Sustainability in Ceilings

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Sustainability in Ceilings

  1. 1. Armstrong Suspended CeilingsPresented By: John Spicer Technical Sales Manager
  2. 2. Agenda Recycling Manufacturing Process Innovation - Product Performance - Fire Regulations New Products Acoustics Q&A2 Armstrong Ceiling & Wall Systems 10/12/2012
  3. 3. RECYCLING3 Armstrong Ceiling & Wall Systems 10/12/2012
  4. 4. Recycled materials Recycled materials used in the manufacture of ceiling tiles and grid systems are: Waste wools Aluminium Newspaper Chipboard Ceiling tiles Glass Cardboard Packaging Steel Plastic4 Armstrong Ceiling & Wall Systems 10/12/2012
  5. 5. Recycled content and raw materials The total recycled content will vary depending on the material… Definition of recycled Wet felt (‘hard’) material bonded 1) Pre-consumer Resin Metal tiles content (EN ISO mineral fibre tiles (‘soft’) mineral fibre ≈ 25% 14021:2001) Material diverted from the tiles stream during a manufacturing process. ≈ 19 - 70% waste Excluded is such as rework, 15 - 25% (rock wool) ≈ regrind or scrap generated in a process and The proportion, by mass, of capable of being reclaimed within the same process that generated it. ≈ 40 - 70% (glass wool) recycled material in a product or packaging. Only Wood tiles Suspension pre-consumer and post- 2)Post Consumer material ≈ 20 - 68% systems consumer materials shall be Material generated by households or by commercial, industrial and considered as recycled ≈ 30% (steel) institutional facilities in their role as end users of the product which can no content, consistent with the longer be used for it’s intended - 85% (aluminium) ≈ 50 purpose. This includes return of materials following usage of the terms. from the distribution chain.5 Armstrong Ceiling & Wall Systems 10/12/2012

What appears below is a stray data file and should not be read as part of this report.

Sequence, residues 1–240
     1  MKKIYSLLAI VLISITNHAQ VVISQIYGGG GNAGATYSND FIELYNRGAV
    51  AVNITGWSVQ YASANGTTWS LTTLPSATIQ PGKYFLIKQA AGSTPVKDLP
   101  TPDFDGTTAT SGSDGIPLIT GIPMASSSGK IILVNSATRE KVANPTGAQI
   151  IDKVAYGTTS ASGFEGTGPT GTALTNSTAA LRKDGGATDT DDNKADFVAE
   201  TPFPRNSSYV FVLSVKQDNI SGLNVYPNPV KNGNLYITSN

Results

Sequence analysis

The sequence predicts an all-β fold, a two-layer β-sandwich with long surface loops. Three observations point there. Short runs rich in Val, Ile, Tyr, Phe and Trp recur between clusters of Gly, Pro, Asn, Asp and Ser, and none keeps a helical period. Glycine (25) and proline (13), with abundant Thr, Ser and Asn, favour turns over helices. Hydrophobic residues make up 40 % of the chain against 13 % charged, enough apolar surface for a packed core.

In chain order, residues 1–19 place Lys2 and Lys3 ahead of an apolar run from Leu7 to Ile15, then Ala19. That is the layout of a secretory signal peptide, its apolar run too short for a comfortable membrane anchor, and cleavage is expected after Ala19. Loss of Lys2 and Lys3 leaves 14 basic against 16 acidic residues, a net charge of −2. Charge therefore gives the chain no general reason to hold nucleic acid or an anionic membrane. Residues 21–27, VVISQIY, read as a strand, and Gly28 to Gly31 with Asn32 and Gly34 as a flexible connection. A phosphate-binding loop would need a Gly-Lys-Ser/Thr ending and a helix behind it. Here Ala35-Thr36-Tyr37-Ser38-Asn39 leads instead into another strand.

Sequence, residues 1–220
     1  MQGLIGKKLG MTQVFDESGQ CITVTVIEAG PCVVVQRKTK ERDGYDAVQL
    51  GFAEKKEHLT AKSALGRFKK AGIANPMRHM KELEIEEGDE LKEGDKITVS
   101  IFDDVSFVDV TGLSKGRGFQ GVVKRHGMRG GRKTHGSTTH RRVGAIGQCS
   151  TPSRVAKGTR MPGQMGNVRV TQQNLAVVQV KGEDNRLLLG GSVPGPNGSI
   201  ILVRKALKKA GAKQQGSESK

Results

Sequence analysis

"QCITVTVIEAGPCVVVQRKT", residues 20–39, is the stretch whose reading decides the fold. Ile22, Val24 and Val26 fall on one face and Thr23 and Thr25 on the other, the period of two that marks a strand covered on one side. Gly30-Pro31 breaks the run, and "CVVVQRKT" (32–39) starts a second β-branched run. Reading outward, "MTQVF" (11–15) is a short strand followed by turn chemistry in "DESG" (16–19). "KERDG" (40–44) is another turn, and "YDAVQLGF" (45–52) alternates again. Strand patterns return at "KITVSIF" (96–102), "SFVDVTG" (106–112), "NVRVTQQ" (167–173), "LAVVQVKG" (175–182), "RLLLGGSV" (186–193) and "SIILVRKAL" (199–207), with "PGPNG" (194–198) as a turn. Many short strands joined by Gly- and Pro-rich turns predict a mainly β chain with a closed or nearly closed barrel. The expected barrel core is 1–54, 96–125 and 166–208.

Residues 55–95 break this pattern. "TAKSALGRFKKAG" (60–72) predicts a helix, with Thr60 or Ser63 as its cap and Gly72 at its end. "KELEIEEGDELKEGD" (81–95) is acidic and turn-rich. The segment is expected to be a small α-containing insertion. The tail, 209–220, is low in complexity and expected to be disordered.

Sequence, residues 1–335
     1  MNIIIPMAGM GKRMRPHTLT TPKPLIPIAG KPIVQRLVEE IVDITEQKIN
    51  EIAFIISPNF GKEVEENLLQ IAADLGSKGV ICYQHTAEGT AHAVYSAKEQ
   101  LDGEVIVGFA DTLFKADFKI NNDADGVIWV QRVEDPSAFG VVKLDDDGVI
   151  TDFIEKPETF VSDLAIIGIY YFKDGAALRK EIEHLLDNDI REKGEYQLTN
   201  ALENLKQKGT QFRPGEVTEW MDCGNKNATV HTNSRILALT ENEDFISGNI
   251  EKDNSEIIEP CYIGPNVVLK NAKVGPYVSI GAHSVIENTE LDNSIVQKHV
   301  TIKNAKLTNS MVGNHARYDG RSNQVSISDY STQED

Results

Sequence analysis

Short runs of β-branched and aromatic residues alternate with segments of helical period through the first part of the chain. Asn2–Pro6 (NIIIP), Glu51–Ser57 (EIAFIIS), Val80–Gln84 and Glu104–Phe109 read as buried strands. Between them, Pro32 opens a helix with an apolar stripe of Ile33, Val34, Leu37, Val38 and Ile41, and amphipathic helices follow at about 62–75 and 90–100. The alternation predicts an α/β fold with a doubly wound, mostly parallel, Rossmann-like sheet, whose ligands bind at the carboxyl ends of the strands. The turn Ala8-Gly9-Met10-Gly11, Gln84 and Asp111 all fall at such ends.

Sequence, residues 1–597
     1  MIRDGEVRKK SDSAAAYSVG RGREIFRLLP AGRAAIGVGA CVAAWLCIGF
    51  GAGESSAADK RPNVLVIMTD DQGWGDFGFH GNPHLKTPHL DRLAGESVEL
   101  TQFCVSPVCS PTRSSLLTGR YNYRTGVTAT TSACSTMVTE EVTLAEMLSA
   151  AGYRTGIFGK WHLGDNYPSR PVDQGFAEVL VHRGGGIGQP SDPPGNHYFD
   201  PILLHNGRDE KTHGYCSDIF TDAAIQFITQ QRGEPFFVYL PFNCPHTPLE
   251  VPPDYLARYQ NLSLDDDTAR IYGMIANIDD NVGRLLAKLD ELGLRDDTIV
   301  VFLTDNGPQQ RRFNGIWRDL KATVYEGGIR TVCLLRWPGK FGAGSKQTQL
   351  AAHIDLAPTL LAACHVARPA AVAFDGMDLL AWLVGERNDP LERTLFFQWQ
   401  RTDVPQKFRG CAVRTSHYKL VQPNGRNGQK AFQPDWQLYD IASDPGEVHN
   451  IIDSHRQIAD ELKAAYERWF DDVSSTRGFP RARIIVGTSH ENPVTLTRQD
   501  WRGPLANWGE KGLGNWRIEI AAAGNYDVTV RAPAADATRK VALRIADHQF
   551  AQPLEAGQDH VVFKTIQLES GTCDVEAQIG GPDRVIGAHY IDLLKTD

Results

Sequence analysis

6. 6. Recycled content and raw materials Changes to raw materials have had an effect on environmental performance… Chipboard Bio-soluble wool Perlite Wood tiles Wet felt (‘hard’) mineral Wet felt (‘hard’) mineral fibre tiles fibre tiles Resin bonded (‘soft’) mineral fibre tiles Acoustic Fleece Gauge Reduction Metal tiles Suspension systems6 Armstrong Ceiling & Wall Systems 10/12/2012